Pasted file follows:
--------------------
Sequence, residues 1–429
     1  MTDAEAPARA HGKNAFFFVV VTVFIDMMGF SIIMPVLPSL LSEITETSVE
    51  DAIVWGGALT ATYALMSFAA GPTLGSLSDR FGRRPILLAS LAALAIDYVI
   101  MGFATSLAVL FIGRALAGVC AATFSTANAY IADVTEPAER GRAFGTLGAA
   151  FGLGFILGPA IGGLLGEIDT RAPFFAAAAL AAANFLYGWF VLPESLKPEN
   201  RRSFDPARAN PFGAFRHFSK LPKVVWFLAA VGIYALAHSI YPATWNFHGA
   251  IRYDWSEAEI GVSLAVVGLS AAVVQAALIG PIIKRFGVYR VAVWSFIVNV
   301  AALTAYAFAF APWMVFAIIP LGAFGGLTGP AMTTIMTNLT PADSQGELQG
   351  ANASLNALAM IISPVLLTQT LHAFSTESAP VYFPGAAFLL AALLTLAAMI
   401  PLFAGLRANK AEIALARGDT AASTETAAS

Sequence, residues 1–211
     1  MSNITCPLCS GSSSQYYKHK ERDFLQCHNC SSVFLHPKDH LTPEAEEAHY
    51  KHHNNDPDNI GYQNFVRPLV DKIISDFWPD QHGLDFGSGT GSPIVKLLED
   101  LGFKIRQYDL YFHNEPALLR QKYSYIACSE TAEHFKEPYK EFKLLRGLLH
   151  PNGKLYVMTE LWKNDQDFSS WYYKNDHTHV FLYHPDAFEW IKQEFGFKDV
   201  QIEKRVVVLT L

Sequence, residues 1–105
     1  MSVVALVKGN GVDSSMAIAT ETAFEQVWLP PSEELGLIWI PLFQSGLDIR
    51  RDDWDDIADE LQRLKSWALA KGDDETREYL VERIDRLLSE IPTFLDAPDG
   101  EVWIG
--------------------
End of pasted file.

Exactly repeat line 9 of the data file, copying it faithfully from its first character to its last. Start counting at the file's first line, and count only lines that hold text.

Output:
   351  ANASLNALAM IISPVLLTQT LHAFSTESAP VYFPGAAFLL AALLTLAAMI